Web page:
Of course you are good at what you do, working long hours, hard and efficiently. But your work can’t just stand on its own. You need the Product Development One-Pager (also known as the “Marketing Case Study”) to make the case for your own achievements.

And in my view of product development, you sit in the middle of a slightly-unbalanced stool . . .

“But [Doctor,] doesn’t my work stand for itself?” (See above; no.)

In this case, “Product-market fit” refers to you doing work that actually is what you want to do, and if you want your career to grow, you are going to have to market yourself, as disdainful as that may sound

You are responsible for your career, and if you want to leverage that into a bigger job, it is your responsibility to package your achievements in a digestible format for your supervisor(s).

“So, [Admiral,] you have administered your faux-stern warnings about what we are all supposed to do, without actually showing us what this thing is. We await the reveal.”

So do I, my friend.

So. Do. I.

This has minimal information value, but I am trying to convey that this isn’t complicated.

It is just a few easy steps. (Fewer than what you see here.)

Herewith, the Product-Development One Pager (A.K.A. . . .)

It has three parts, it fits on a page, and feel free to add infographics with hard numbers.

Like any good instructional video, let’s break it down.

Describe the core problem you are trying to solve. Two, perhaps three sentences, and avoid this writer’s fawning over parenthetical clauses.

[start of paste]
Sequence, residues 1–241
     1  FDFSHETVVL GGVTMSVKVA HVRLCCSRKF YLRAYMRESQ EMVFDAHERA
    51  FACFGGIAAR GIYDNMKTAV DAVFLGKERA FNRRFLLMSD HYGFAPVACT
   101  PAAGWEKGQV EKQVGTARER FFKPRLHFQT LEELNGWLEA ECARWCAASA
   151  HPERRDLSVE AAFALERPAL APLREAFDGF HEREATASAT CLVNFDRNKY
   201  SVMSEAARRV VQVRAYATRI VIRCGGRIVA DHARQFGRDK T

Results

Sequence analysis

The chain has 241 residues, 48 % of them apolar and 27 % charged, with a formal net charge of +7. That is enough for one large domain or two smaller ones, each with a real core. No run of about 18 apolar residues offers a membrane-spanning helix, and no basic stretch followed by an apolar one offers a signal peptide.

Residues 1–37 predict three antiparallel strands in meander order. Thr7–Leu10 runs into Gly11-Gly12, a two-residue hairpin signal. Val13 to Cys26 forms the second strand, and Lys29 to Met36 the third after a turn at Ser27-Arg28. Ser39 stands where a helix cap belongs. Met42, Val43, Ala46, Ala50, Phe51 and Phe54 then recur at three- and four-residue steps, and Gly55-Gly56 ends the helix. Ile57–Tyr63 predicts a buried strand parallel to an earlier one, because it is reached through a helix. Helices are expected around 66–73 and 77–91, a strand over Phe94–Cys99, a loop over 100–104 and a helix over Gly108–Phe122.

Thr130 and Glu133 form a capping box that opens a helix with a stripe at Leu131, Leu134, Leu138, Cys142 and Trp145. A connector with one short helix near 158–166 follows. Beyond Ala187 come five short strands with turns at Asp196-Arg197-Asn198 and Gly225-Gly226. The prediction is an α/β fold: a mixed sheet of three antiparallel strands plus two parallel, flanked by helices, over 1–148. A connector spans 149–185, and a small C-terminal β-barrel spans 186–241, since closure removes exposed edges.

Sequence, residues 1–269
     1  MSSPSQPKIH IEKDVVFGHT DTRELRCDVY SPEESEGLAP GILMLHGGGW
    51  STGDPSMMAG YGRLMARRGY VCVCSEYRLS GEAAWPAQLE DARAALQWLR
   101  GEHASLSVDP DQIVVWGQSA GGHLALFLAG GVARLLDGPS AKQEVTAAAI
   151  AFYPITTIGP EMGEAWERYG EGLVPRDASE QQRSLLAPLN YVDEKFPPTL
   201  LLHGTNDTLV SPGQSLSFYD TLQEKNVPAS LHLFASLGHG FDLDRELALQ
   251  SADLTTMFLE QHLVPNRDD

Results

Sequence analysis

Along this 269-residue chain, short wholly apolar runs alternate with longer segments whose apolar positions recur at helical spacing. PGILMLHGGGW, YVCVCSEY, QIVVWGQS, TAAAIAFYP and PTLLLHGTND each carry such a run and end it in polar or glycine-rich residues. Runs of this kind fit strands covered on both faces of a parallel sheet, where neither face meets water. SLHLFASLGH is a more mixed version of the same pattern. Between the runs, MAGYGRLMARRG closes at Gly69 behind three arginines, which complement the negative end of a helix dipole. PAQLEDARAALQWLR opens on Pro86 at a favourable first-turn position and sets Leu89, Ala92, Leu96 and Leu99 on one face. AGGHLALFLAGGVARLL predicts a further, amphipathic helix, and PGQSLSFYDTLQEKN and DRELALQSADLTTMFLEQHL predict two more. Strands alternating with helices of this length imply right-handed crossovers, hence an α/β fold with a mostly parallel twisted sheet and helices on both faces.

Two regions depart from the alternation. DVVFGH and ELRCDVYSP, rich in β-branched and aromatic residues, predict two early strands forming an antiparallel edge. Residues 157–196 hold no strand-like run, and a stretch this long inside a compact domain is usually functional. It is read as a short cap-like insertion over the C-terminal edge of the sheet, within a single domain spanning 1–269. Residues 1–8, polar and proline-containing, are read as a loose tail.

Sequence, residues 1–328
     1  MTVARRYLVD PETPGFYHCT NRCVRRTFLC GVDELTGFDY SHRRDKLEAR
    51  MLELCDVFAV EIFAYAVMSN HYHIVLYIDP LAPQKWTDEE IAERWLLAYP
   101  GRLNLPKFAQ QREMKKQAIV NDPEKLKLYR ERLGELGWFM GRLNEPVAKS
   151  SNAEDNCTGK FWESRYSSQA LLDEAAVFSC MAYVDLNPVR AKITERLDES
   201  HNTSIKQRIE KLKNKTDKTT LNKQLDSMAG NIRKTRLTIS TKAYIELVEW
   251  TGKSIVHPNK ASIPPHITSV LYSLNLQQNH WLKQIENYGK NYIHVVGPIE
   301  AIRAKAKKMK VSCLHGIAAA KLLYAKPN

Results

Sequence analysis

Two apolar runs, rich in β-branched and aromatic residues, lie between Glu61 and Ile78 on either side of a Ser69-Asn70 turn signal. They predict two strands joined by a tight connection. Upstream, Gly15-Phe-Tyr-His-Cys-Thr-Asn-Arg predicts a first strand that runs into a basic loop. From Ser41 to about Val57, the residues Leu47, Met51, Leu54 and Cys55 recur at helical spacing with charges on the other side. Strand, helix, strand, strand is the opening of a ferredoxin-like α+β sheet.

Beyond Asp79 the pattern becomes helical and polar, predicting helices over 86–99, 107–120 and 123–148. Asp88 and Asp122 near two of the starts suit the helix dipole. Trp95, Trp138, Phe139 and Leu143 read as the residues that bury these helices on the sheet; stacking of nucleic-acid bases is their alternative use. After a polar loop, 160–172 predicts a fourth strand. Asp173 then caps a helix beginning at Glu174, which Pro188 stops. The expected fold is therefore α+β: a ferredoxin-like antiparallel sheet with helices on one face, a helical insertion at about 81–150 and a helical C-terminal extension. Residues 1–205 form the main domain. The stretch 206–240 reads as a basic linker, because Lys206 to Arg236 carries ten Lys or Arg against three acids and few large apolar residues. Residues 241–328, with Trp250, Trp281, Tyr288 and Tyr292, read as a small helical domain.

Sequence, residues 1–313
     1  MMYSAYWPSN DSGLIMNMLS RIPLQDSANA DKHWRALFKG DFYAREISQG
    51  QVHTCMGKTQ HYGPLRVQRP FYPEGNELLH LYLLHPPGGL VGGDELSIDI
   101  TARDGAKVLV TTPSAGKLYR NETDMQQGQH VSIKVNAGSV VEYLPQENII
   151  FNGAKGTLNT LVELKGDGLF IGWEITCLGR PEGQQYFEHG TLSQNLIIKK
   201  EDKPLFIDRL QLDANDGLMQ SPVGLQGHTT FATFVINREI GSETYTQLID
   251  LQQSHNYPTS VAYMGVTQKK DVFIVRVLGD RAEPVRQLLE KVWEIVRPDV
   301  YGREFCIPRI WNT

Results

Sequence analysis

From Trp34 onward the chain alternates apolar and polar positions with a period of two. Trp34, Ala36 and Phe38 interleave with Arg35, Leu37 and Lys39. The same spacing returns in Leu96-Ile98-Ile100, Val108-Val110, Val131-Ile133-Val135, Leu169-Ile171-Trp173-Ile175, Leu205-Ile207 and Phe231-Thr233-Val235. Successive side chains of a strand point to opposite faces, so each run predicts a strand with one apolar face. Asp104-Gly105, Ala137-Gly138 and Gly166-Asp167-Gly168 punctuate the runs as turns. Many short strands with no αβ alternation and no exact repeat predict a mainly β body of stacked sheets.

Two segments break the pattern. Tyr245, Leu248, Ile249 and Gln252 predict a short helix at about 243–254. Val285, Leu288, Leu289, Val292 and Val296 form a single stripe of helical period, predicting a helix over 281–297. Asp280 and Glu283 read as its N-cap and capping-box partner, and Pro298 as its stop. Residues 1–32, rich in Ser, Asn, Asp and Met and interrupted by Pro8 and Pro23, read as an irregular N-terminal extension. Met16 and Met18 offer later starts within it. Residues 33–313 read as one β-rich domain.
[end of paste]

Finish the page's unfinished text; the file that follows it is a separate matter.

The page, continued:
External example “Using our SaaS data platform, you can save hiring 2.5 people per month at a lower cost. We did a deployment with Haagen Dazs last May, and this is a case study examining their results.”

Internal example “We would like to raise time spent in our application by 150% to drive engagement, post product-market fit. We did an A/B test in California to validate our thesis.”

Then you relate the results of the engagement/experiment.

This is totally made up, and no animals were harmed in the course of making this slide.

External example “Haagen Dazs deployed our solution in June, and they not only saw a 57% cost reduction in data collection, but they were also able to redeploy three development engineers towards data analysis instead of data collection.”

Internal example “The test yielded a increase in time spent of 75%.”

And then the result or conclusion.

External example “The sale enabled (and I bore myself here, making this up) a operational cost reduction of 64% in top-line costs, across the sales-forecasting operational unit. Today was a good day.

Internal example “The increase in time spent increased the virality co-efficient of out-of-app sharing, resulting in a net increase in MAUs of 5.4%. Ditto on the good day vibe.”

So you are making a one-page retro PDF that documents what you did, and what anyone who works with you can expect if they close the sale (or promote you.)

What happens then:

Gerard Butler does the deal with you, Marissa promotes you.

DEF “Off the Schneid” It’s a figure of speech that means to end a losing streak — to stop a long run of negatives with a positive.

Which means:

(Repeating the text here because I am nothing if not an SEO whore: Sales internally and externally is hard; It requires a different skill set than traditional product development; Closing a sale and career advancement have significant overlap)

Product people often don’t do sales.
Sales can drive product (and career.)

Thank you. I am here all week. Tell your friends. @tyahma